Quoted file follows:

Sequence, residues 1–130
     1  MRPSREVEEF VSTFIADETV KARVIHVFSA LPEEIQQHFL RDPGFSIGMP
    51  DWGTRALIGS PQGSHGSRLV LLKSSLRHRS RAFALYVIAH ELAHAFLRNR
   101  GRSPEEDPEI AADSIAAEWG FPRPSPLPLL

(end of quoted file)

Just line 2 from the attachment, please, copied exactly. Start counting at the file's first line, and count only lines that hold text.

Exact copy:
     1  MRPSREVEEF VSTFIADETV KARVIHVFSA LPEEIQQHFL RDPGFSIGMP